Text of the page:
One of the greatest things about beginning
a relationship with Christ is that He immediately puts us to work. In order to
grow we must spend time in God's Word, in prayer and learning from and
fellowshipping with other believers. But once He calls us to a relationship
with Him, Christ immediately calls us to a mission alongside
That mission, of course, is to tell His story. To take the gospel to the
places and people to whom He calls us. For most of us, it's the people right
where He has placed us. At work, in the neighborhood, at home, at school-Christ
has given all of us a mission field.
We tell His story in three primary ways. First, by the way we
serve. Are others seeing Christ in our actions, our attitudes and in who
we are becoming? And are we serving the people around us by helping meet their
physical, spiritual and emotional needs. Are we truly ministering to and
through the Body of Christ around us? These are all indicators reflecting what
Christ is doing in our lives.
Another important part of telling His story is how we pray. Have we
moved from prayers for ourselves to praying earnestly for others, especially
those without a relationship with Christ? Are we praying for the Holy Spirit to
remove obstacles in the lives of those who need Him? Are we praying that the
person would have an opportunity to hear a very clear presentation of the
gospel? Finally, are we praying that their hearts would be yielded toward God
and that they would see their ultimate need turn from themselves toward
Finally, we tell His story by what we say. We have to put the gospel into
words and communicate it to those who need to hear. You might be reading this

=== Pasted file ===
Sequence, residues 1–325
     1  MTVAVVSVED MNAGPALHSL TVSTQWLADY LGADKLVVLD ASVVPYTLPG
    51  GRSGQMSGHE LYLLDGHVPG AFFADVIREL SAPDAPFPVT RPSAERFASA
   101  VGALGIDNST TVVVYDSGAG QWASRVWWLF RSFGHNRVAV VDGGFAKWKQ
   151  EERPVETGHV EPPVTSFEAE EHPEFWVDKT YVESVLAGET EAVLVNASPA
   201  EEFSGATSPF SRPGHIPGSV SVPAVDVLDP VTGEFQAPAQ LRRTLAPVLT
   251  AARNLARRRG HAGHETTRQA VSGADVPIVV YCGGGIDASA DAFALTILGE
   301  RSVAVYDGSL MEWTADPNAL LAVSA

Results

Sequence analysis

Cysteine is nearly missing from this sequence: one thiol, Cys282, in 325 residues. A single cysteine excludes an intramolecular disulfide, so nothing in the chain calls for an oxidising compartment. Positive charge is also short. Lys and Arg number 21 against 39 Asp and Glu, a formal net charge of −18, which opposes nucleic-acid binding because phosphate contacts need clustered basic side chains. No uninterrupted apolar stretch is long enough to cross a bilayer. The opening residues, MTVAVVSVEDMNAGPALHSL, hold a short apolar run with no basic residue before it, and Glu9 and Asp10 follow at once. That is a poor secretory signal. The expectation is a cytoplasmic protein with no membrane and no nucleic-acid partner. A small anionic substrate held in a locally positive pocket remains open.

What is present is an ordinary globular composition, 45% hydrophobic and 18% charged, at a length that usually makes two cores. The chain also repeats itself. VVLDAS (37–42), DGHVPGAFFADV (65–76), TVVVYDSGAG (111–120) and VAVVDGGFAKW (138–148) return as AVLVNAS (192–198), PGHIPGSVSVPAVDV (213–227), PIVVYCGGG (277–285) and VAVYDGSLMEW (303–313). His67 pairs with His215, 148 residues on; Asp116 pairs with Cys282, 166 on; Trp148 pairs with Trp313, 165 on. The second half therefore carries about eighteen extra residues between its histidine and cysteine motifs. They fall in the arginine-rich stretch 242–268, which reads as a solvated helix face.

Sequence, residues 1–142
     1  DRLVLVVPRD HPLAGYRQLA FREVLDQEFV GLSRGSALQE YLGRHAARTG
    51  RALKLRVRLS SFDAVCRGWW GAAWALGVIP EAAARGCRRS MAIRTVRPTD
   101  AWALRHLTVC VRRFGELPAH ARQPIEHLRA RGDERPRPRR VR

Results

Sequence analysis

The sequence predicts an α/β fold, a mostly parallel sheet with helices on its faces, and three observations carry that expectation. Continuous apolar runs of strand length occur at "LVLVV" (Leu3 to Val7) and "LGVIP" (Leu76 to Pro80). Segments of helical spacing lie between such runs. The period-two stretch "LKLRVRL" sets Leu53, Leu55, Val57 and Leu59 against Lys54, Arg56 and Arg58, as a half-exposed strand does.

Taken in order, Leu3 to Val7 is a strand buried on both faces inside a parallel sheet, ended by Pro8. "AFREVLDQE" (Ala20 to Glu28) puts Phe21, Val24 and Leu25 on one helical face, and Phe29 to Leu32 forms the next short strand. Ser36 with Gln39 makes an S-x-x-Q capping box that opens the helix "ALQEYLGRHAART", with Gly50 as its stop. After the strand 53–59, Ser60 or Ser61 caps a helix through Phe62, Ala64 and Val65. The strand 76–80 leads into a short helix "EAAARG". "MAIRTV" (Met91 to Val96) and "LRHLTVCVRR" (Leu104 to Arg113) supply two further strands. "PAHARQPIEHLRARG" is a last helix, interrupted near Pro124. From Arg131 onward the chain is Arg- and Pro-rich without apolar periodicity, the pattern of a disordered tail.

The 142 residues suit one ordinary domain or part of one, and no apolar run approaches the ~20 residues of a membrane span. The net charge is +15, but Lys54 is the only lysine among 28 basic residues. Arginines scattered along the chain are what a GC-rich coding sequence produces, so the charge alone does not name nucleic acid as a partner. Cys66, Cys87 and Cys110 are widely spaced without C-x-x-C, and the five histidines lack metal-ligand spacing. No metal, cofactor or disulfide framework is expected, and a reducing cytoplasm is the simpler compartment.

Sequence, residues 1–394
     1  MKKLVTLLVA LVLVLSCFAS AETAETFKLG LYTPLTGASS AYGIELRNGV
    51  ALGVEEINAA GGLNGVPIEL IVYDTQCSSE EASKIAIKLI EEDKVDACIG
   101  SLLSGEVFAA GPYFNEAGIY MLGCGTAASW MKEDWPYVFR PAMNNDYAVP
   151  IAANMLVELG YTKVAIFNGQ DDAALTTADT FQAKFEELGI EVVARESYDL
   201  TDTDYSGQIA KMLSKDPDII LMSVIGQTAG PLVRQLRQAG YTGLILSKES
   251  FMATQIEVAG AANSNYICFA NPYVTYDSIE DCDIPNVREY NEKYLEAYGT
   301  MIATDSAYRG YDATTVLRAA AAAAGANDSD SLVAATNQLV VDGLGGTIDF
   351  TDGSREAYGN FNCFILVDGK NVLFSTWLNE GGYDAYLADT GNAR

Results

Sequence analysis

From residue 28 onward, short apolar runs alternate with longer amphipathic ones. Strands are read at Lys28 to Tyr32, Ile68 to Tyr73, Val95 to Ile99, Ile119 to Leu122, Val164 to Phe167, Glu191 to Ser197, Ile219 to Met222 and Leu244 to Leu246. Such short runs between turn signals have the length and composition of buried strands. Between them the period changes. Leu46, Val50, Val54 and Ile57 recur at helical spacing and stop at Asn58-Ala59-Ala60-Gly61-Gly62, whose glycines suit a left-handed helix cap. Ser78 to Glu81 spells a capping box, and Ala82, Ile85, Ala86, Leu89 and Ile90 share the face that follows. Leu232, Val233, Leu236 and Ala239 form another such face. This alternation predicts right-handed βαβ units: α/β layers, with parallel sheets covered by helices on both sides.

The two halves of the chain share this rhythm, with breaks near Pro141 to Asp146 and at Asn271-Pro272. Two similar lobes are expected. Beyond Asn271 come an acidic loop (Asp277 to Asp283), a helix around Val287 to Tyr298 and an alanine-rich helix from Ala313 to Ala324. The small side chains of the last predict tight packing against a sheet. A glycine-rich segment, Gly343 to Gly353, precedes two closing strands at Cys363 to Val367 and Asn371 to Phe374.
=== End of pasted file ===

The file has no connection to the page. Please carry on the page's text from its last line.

and thinking "that's obvious," but unfortunately there are a large percentage
of Christians today who are attending church, reading their Bibles and
fellowshipping with other believers, but they aren't articulating the gospel to
the nonbelievers in their lives.
It's the epidemic of silent Christianity-Christians who say their life
speaks louder than words. The hope that people will be able to observe Christ
within them and thereby see their own need for Christ.
Without a doubt, we need to be exhibiting Christlikeness and demonstrating
the fruits of the spirit as we become more conformed to His image. The work of
Christ in our lives should constantly be transforming us into better people.
But if we leave it there and never verbalize the reason for the difference in
our lives, many people will never come to understand the basis for the
transformation within us.
The Rev. Sam Shoemaker was a rector in the Episcopal Church and credited
with being a co-founder of Alcoholics Anonymous. He understood the importance
of verbalizing our faith when he wrote:
I cannot witness by my life alone,
I must include my lip.
For if I witness by my life alone,
I proclaim too much of me,
and too little of Him.
Yes, we need to live our lives in a way that will lift up Christ and point
others to Him, but ultimately, to proclaim Christ, we must put the gospel into
words. In so doing we are first being obedient to Christ, but second, we are
allowing ourselves to participate in one of the most joyous parts of God's
Paul understood this when he wrote in Philemon 1:6 (NIV): "I pray that
you may be active in sharing your faith, so that you will have a full
understanding of every good thing we have in Christ."
We simply will not experience the fullness of our relationship with Christ
if we are not actively sharing our faith.
The story of God's work in human history is an action adventure story. Noah
didn't experience the miracles of God until he picked up his hammer and started
building the ark. Think of the remarkable life Moses would have missed had he
said no to the call God gave him at the burning bush. And what if the Apostle
Paul, after his conversion on the Road to Damascus, had decided to stay quiet,
but live the best life possible so people could see the difference in him?
Yes, we do encounter risks when we choose to vocalize our faith, but with
those risks come great adventure and great opportunity to grow in Christ. So
don't practice a silent Christianity that never makes itself known in words.
Live it and speak it. You'll begin to discover the fullness of your walk with
Christ and the excitement of reaching the people He intersects with your
Dr. Bob Reccord is president of the North American Mission Board,
A Southern Baptist Convention entity supported by the Cooperative Program and theAnnie Armstrong Easter Offering® ©Copyright 2013 North American Mission Board, SBC